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Election day in an ‘affluent’ Dorset village…


If you are in the UK, then today is the day we all wander down to the polling booths to vote.

If you live in a village like me, today is also the day you fail in your carefully concocted strategy of going to the village hall at a time when you are least likely to bump into your neighbours, and therefore as you retreat from the booth with an impeding sense of doom that whoever you voted for is unlikely to make a huge difference anytime soon, you must awkwardly make small talk with your neighbours, knowing you almost certainly have very different political alliances and have just voted at opposite ends of the political spectrum.

Being British, you will politely smile and talk about the shocking weather for the time of year, the aphid problem affecting your roses, and the building work the new people at number 17 are having done, which caused your driveway to be blocked for an inconvenient 5 minutes last week when they had building supplies delivered.

Your neighbours will ask how the children are getting on at school and you will roll your eyes and smile; ‘Oh, you know - teens…’ and your retired neighbours will give a knowing nod. You won’t mention the fact your eldest is looking at university places which, if he gets the required grades will mean 4 years of crippling debt for you as you have to contribute towards living expenses, and many more years of debt for him when he finally graduates, having totted up an estimated £40k in fees alone, plus student loads and interest. You won’t comment on the education cuts which have meant the local school PTA desperately trying to buffer funds with weekly cake bakes, bingo, car boot sales and god knows what else (you are ashamed to admit you don’t always read the weekly emails sent out by the PTA as you’ve run out of bric-a-brac to donate and have started selling the good quality old clothes on Ebay in an attempt to buffer your own dwindling funds).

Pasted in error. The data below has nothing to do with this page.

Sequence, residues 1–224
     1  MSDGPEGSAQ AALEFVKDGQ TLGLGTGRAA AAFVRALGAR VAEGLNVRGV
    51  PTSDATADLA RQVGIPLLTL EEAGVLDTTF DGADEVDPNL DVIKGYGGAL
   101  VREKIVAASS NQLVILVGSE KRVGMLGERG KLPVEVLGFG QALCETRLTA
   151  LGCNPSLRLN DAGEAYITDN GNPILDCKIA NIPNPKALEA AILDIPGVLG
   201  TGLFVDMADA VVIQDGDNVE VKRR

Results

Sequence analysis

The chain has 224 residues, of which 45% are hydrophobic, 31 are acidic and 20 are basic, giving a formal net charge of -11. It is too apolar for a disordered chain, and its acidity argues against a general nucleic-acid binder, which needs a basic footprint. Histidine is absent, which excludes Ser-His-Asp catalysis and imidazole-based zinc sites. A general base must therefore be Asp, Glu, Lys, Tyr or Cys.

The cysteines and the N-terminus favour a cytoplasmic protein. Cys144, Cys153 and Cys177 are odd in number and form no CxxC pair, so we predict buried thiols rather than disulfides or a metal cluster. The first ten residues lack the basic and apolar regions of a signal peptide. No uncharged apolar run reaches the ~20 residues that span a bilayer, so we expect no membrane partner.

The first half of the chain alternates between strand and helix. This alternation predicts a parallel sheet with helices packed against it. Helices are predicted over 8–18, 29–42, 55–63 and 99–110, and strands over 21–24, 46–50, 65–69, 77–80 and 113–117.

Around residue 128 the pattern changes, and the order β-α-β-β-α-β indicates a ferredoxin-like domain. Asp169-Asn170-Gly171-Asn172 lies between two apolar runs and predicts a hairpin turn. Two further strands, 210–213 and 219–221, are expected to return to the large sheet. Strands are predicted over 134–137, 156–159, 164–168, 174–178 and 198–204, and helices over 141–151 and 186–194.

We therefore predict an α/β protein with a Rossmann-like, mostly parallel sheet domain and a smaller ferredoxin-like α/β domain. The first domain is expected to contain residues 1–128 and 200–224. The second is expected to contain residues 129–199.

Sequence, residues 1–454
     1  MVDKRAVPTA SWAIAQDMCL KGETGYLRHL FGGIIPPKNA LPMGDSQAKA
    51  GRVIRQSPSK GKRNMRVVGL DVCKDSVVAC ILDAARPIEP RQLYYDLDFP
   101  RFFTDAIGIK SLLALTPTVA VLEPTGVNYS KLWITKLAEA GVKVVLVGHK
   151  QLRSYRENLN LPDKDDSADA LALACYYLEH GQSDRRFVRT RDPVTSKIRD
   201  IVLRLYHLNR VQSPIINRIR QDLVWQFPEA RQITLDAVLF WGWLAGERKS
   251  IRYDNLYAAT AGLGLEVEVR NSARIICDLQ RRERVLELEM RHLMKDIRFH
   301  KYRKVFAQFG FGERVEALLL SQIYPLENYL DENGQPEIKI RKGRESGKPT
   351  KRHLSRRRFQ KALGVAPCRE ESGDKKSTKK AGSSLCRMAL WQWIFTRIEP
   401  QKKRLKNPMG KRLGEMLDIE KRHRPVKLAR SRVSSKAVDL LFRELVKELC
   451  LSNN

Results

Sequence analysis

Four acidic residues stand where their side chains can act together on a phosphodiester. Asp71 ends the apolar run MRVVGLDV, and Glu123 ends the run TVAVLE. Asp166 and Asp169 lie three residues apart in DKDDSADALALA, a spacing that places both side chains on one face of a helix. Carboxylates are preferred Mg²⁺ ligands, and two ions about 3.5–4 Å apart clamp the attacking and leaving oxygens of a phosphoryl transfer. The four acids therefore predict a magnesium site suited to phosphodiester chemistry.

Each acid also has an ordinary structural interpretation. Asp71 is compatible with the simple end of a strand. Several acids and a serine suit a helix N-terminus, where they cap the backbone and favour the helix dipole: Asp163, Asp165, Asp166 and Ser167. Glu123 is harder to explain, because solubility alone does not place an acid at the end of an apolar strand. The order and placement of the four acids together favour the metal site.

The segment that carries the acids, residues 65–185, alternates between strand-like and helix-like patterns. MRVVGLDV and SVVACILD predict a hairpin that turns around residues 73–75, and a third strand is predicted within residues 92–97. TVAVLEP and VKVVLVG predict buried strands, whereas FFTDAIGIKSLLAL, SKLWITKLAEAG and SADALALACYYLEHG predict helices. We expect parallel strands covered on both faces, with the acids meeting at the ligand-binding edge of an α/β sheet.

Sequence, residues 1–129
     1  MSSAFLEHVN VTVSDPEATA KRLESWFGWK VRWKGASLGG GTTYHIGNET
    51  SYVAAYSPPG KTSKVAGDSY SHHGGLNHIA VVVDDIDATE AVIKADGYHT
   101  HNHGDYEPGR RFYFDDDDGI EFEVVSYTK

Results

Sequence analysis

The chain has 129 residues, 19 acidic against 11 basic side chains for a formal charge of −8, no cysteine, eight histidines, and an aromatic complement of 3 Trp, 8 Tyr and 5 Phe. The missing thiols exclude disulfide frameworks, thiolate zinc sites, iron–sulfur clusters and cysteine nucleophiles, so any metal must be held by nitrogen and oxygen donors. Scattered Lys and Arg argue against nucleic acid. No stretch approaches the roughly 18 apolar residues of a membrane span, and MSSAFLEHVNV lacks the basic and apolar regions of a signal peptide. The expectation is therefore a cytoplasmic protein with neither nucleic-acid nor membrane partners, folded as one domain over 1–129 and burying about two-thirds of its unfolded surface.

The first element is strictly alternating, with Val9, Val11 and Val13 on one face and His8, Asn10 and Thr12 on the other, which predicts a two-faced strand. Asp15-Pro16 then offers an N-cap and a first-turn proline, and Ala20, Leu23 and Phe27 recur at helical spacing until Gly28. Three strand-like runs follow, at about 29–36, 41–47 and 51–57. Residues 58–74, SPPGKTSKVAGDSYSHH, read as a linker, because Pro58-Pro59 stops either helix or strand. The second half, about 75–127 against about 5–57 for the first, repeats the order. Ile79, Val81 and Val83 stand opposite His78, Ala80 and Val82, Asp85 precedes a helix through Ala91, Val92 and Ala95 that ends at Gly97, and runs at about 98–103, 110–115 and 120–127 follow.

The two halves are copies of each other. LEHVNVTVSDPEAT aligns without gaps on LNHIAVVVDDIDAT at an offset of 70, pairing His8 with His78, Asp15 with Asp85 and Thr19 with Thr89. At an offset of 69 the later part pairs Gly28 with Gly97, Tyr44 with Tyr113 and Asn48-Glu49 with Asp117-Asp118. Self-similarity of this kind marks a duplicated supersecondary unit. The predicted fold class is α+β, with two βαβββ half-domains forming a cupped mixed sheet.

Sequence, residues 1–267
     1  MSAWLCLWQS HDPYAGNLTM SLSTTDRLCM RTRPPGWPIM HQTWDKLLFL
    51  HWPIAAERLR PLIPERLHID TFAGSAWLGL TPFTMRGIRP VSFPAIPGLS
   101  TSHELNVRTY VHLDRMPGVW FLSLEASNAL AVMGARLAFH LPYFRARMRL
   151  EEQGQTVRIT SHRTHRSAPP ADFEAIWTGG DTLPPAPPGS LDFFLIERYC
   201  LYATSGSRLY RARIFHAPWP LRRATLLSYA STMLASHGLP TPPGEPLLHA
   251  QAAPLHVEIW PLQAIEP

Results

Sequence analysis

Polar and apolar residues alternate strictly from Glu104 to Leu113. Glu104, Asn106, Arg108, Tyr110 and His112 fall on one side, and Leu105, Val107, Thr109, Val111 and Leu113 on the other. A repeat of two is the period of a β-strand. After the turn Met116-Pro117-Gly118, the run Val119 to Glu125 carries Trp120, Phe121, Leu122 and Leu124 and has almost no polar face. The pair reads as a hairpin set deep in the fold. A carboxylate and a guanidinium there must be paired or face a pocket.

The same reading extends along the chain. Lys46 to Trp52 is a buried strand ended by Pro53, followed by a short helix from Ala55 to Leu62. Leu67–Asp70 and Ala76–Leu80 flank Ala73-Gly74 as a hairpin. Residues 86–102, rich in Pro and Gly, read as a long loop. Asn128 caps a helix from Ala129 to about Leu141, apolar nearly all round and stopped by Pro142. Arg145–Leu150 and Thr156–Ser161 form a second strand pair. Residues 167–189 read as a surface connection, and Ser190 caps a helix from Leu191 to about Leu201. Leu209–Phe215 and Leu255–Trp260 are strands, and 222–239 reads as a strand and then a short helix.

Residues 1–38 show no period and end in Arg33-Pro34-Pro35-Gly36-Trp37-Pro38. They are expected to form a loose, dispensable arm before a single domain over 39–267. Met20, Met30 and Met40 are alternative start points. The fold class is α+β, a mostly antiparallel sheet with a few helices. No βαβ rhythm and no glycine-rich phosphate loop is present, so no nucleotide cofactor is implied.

When your neighbours talk about the house opposite selling for an astronomical sum after just a day on the market, and how they bought theirs, 40 years ago, for a price which wouldn’t buy you a decent mountain bike these days, you raise your eyebrows noncommittally, aware that although that means your house has increased in value considerably, you are still mortgaged to the hilt with the depressing knowledge that the chance of your own kids being able to afford to buy their own properties in the future without you dying and leaving them a hefty inheritance to use as a deposit, (after they’ve paid off their uni debts), is virtually zero.

After a short while of chat, during which you are joined by the lady who owns the village shop (which you rarely patronize due to the prices being hiked to such an inordinate amount, it actually proves more economical to drive to the farm shop in the next village for your exotically flavoured cider), you all eye a local candidate approaching the village hall, and are simultaneously gripped with fear that they will try and engage you in policy talk. You all make hurried, mumbled excuses to get on your way, and disperse faster a shoal of tuna when a great white shark turns up; all of you pretending you didn’t spot the local candidate now looking self-conscious at the mass exodus of villagers as he/she enters the hall.

Politics. It’s all such a very un-British business at the end of the day. Unless you’re on Facebook. Everyone on Facebook becomes an armchair politician in the run up to an election ;o) But for now, excuse me whilst I run out to vote. It’s just started raining and I’m pretty sure everyone in the village will be waiting for a break in the weather before they go out to cast their vote…

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